Pitch Fever

American investors spend it like Beckham — and borrow heavily, too — to buy UK soccer teams. The big lure: global branding.

Among British soccer fans, the gaffe was as shocking as a player accidentally heading a ball into his own goal. At a February press conference announcing the planned takeover of Liverpool Football Club, one soon-to-be owner, Thomas Hicks, responded to a reporter’s query by referring to the team as “the Liverpool Reds.”

It was a seemingly minor faux pas — it’s either Liverpool or the Reds, not both — and perhaps understandable, coming from a man who has lived most of his life in Texas. In fact, he owns the Texas Rangers baseball club. But Hicks and partner George Gillett were royally skewered on chat boards, reflecting the mistrust that British football fans have for Yank poachers of their beloved teams.

The list of poachers is growing fast. Lured by the vast global potential of the game, U.S. businessmen have been on a two-year trans-Atlantic buying spree. Along with Liverpool, Americans have acquired rival English Premier League (EPL) clubs Aston Villa FC and Manchester United FC. Then, this April, Stan Kroenke, co-owner of the St. Louis Rams (who play that other kind of football) paid $143 million to acquire a 12.2 percent stake in Arsenal Football Club, seen by many as the prelude to a $1.2 billion hostile takeover bid.

These brash American acquirers are going for the gold standard: “Man U,” acquired in 2005 by Tampa Bay Buccaneers owner Malcolm Glazer, rivals the New York Yankees as the most recognizable sports brand in the world. Arsenal and Liverpool are not far behind.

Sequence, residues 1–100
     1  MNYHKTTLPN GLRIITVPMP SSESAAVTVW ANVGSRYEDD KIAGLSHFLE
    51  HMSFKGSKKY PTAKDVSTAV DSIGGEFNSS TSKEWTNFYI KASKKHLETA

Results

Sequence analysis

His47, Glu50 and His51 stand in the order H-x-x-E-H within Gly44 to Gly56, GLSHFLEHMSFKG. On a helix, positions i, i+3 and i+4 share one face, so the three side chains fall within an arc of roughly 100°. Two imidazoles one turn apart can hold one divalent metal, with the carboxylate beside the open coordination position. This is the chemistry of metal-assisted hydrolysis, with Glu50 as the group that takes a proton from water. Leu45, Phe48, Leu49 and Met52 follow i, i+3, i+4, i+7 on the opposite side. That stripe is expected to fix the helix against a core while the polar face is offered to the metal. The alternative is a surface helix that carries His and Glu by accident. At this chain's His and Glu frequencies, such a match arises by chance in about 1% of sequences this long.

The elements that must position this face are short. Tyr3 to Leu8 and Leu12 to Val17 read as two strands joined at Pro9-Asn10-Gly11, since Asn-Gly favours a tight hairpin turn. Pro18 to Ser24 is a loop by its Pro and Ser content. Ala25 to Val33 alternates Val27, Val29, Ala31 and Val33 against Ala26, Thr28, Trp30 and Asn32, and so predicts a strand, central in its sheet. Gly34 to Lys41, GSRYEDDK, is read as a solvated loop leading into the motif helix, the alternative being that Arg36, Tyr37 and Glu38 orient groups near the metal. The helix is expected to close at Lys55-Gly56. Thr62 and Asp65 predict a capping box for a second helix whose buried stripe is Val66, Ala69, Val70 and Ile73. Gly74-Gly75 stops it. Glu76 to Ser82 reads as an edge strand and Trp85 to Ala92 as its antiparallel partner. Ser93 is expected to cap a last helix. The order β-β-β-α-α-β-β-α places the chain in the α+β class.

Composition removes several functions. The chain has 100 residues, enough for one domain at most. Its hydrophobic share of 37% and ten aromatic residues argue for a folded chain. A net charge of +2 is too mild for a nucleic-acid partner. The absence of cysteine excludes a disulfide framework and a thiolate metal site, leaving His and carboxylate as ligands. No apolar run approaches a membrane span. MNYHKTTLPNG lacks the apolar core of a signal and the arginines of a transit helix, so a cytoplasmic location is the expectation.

While some in Britain seem pleased to have their clubs score wealthy backers, no matter their nationality, critics decry the vulnerability of publicly listed English clubs. In a letter to the Guardian, a former football regulatory official and several members of Parliament railed: “The status of football clubs as publicly traded companies has led to people buying into them who have no interest whatsoever in the game.” Even owners seem worried that Americans will trample revered traditions in pursuit of profit. In a recent interview, Arsenal team chairman Peter Hill-Wood observed: “We would be horrified to see ownership of the club go across the Atlantic.”

Chauvinism aside, British football fans are worried about the U.S. raiders for a solid financial reason: they’re overleveraging to finance the deals. That approach could lead the buyers to spend so much on servicing debt that there would be little cash left over for the team.

Says Gareth Moore, UK director of Sport + Markt, a Cologne-based sports marketing consultancy, “This has the potential to get ugly if the money goes to paying debt rather than players on the pitch.”

The ugliness has already started. During the hostile takeover of Man U, Glazer was burned in effigy by fans outside the club’s Old Trafford stadium, while others threatened to harm him and his family. Glazer, who made much of his fortune in the rough-and-tumble property-development world, eventually secured enough shares to take the team private.

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